More than four years after it was meant to happen, implementation of the much-delayed Quality Assurance Scheme for Advocates (QASA) is still stuck, while the profession awaits the government’s decision on whether it will set up an overlapping panel of defence advocates, Legal Futures can report.
QASA was originally meant to start in December 2011 before it was first delayed, first until April 2012 and then beyond. In July 2013 the Legal Services Board (LSB) approved the final rules needed for the Bar Standards Board (BSB), Solicitors Regulation Authority and CILEx Regulation to get QASA going, and advocate registration did begin before being put on hold.
There was then another substantial delay while the ultimately unsuccessful judicial review of the LSB’s decision went to the Supreme Court, which ruled in June 2015 that QASA was “the only way” to protect all members of the public involved in criminal proceedings “at an upper level”.
But then on 1 October 2015, the Ministry of Justice (MoJ) issued a consultation paper, Preserving and enhancing the quality of criminal advocacy, which among other things proposed a separate quality scheme for publicly funded advocacy. The consultation closed on 27 November but the MoJ has not published the outcome.
The plan for the panel – which would initially focus on Crown Court cases and above – came largely from Sir Bill Jeffrey’s review of criminal advocacy in 2014. The consultation said: “As set out in his report… Sir Bill Jeffrey found widespread disquiet among the judiciary about the quality of advocacy. His view – which the government shares – is that it would be a mistake to dismiss these concerns.”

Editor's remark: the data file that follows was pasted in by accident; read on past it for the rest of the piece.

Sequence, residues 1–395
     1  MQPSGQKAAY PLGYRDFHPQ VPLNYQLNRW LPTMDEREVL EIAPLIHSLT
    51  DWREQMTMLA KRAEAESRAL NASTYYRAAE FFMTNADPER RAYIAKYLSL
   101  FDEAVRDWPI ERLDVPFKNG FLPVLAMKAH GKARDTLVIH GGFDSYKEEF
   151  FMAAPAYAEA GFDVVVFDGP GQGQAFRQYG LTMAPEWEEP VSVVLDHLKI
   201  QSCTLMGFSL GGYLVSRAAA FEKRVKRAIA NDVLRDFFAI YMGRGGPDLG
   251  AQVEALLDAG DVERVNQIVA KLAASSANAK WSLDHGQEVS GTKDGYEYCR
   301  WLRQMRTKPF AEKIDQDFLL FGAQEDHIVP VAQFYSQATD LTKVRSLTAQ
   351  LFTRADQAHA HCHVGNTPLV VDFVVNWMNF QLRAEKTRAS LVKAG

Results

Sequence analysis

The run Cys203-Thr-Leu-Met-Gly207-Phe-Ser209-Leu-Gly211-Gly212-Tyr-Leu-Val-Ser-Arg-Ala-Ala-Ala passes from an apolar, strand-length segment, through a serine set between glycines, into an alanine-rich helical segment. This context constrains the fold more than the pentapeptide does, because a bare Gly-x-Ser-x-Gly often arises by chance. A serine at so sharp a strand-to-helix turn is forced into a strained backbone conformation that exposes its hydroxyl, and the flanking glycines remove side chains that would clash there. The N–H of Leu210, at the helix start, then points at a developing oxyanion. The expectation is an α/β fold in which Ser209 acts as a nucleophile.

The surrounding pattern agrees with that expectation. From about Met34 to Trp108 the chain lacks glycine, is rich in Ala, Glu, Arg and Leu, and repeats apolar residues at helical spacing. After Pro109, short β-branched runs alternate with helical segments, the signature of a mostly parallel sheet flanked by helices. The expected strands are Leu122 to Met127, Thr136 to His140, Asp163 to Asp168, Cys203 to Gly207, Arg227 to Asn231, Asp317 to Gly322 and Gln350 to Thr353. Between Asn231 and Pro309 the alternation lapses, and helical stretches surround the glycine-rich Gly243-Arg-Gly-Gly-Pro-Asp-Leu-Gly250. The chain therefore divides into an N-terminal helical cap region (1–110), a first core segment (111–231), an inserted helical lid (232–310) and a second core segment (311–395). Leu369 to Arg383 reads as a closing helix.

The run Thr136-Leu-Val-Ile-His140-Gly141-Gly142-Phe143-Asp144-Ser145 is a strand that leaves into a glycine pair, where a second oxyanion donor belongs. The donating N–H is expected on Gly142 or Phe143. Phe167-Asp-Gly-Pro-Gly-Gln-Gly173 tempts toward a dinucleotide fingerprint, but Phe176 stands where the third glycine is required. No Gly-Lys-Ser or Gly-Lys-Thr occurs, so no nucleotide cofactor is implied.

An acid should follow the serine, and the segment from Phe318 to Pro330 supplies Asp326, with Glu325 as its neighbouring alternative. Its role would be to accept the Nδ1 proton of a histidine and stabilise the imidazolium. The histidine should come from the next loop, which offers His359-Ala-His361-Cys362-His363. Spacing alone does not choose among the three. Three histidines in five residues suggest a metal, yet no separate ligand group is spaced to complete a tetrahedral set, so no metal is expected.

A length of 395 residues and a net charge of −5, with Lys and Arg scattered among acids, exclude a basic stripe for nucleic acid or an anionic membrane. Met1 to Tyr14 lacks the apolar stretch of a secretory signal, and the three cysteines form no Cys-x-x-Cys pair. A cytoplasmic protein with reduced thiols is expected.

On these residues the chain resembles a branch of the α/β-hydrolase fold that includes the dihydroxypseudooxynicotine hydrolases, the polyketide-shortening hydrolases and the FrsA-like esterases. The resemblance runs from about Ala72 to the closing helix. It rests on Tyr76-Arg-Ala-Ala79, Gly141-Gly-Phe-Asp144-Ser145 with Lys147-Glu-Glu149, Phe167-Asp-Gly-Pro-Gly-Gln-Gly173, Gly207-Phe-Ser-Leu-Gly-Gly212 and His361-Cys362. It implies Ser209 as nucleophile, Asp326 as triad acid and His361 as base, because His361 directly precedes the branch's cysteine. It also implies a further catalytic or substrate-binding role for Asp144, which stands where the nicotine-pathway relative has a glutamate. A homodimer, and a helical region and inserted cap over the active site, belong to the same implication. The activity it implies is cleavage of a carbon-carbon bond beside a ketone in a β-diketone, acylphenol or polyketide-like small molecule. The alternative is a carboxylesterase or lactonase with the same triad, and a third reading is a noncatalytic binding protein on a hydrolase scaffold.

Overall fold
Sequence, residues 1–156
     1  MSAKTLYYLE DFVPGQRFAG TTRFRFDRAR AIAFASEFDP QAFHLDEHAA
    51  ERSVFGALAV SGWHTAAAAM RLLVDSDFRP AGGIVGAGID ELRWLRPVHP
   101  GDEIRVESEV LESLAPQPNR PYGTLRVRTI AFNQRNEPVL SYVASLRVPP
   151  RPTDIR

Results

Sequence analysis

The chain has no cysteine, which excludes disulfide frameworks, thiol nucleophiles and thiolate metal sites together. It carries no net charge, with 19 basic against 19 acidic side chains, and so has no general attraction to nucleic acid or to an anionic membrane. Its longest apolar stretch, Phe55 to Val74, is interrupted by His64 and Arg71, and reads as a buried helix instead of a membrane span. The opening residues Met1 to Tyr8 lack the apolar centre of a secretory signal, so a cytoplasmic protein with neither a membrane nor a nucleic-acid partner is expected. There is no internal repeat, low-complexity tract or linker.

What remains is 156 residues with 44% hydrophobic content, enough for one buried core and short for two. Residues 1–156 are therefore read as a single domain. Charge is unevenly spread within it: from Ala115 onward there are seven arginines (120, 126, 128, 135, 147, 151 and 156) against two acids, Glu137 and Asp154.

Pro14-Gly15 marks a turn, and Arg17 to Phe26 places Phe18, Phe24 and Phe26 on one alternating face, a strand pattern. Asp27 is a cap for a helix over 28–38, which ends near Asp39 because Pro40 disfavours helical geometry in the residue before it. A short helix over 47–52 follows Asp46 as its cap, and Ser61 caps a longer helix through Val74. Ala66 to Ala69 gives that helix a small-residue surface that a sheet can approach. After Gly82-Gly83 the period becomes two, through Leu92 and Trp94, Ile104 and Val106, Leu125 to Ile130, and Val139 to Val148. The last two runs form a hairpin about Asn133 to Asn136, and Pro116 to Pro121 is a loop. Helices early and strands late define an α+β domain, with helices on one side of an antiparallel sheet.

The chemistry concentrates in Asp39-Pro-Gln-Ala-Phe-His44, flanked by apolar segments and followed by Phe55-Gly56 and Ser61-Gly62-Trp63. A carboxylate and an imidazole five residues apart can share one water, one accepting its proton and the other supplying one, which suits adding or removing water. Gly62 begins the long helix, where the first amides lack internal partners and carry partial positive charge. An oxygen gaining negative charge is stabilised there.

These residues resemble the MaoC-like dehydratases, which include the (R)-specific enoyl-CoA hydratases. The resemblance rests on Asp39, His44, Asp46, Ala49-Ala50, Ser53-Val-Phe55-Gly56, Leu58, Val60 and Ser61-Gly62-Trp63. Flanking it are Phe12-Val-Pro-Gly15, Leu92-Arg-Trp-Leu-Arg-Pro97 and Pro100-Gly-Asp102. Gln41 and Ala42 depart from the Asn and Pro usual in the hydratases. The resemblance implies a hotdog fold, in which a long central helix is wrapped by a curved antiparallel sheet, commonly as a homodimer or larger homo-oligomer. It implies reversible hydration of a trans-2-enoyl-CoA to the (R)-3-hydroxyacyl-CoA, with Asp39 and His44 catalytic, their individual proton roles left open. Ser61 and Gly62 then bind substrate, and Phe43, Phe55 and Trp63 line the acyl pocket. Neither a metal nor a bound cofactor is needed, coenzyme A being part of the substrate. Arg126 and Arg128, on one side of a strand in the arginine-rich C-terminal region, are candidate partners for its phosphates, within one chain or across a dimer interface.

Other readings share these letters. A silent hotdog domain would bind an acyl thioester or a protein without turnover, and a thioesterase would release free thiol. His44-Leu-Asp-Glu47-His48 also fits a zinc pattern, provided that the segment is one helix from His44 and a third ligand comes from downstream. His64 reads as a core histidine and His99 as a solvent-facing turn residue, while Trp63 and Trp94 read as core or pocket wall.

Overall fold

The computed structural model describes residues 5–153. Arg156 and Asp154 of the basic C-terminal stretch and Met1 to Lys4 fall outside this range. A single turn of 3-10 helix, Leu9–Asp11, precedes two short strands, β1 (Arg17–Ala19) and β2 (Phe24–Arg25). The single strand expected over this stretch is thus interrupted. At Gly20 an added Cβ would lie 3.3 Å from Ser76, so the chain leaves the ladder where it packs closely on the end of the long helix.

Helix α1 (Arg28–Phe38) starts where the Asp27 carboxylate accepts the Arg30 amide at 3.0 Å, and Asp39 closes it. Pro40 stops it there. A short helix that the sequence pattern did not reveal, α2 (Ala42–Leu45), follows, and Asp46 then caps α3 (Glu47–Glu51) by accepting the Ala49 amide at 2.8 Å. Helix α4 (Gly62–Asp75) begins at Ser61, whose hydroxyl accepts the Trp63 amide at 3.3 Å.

The consultation paper said the Crown Prosecution Service’s panel might be the model for the defence panel, but did not explain how it would different in substance from QASA, which is broader than the proposed scheme in that it covers all criminal advocacy, however funded, and the lower courts as well.
It said: “The government believes such a panel would provide valuable quality assurance and enable the government to have greater confidence in the quality of publicly funded defence advocacy.
“QASA will set minimum standards across the board, and the CPS scheme deals with advocacy from a prosecution perspective. Our panel scheme, specifically for publicly funded criminal defence advocates, will be designed to sit alongside QASA, and may be able to make use of evidence of quality arising from the QASA scheme, whilst not being dependent on QASA’s prior implementation.”
Despite this, the regulators are waiting for the outcome of the consultation so they can work out how the new panel – if it happens – would fit with QASA.
A Bar Standards Board spokeswoman said: “QASA implementation is on hold pending the outcome of the Ministry of Justice consultation on proposals for a defence panel scheme.”
An MoJ spokesman told Legal Futures: “The government believes that high-quality advocacy is vital to the effective functioning of our criminal justice system. We consulted on ways to preserve and enhance the quality of advocacy, including a proposal to create a panel of publicly funded criminal defence advocates.
“QASA is a quality assurance scheme developed by the independent regulators. It is not for the government to comment on when the scheme should be introduced.
“We will respond to the consultation, confirming the way forward, in due course.”